Is Coconut Oil Healthier Than Butter?

By: Brierley Wright, M.S., R.D.  |  Friday, August 17, 2012
All things coconut seem to be über popular these days. (A few weeks ago I wrote about coconut water: is it worth the splurge?
) To that end, more and more I’m hearing about replacing butter with coconut oil—because it’s (allegedly) healthier. The skeptical dietitian in me balked at the notion, but then I thought I ought to investigate. Here’s what I found.
Nutrition breakdown (per 1 tablespoon)
•Coconut oil: 117 calories, 14 grams total fat, 12 grams saturated fat
•Unsalted butter: 102 calories, 12 grams total fat, 7 grams saturated fat
Based on the numbers, butter seems to be the better choice: it’s lower in calories, total fat and saturated fat. Plus, the percentage of fat from saturated fat is lower: 58 percent versus 86 percent.
Related: Is Margarine Healthier Than Butter?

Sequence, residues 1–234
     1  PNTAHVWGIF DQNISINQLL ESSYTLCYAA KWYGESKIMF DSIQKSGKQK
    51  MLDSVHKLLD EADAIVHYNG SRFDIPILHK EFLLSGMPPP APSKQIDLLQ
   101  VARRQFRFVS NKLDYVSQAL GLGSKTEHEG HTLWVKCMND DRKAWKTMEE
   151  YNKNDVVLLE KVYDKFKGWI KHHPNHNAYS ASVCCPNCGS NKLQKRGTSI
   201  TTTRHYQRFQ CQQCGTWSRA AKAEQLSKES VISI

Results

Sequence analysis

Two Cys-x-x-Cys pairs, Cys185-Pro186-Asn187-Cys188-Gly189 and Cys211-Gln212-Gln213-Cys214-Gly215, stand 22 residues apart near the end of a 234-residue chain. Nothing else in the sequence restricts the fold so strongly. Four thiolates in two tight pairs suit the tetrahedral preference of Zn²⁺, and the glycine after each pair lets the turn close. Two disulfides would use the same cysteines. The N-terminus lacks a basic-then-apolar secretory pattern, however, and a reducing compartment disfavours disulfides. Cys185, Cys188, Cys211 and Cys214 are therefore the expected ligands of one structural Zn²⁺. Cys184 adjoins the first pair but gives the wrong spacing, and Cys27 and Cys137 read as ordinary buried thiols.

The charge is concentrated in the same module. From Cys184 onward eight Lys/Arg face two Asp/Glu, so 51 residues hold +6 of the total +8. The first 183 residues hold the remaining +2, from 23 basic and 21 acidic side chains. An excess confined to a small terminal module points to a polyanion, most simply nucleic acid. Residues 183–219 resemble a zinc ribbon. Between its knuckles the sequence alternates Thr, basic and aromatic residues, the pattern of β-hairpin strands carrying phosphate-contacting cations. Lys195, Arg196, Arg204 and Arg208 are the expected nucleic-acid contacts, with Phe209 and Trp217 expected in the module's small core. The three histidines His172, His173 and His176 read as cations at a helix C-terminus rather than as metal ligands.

What about the buzz that the type of saturated fat in coconut oil is healthier?
Emerging research suggests that some saturated fatty acids may not be harmful. (What we call saturated fat is actually a mosaic of building blocks called saturated fatty acids, such as lauric, myristic, stearic and palmitic acids.) The main fatty acid in butter is palmitic acid. And palmitic acid appears more likely than others to cause the buildup of fatty plaque in arteries. Lauric acid is the main fatty acid in coconut oil—and research suggests it boosts beneficial HDL cholesterol, but it also raises unhealthful LDL. Excessive LDL is damaging to the heart and arteries because it accumulates in artery walls and can trigger inflammation, eventually leading to a heart attack or stroke. “Coconut oil is slightly less evil than other saturated-fat-rich foods like palm oil and shortening because of its impact on HDL,” says Penny Kris-Etherton, Ph.D., R.D., F.A.H.A., a distinguished professor of nutrition at Pennsylvania State University. “But it still isn’t good for you.”
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So, what’s my takeaway? Until more is known, you’re better off replacing your butter and coconut oil with heart-smart unsaturated fats, such as olive and canola oils. Per tablespoon, olive oil contains 119 calories and 13.5 grams of total fat, of which only 1 is saturated; canola oil contains 124 calories and 14 grams of total fat and 1 gram is saturated. (Find out when you should be using olive and canola oils here.)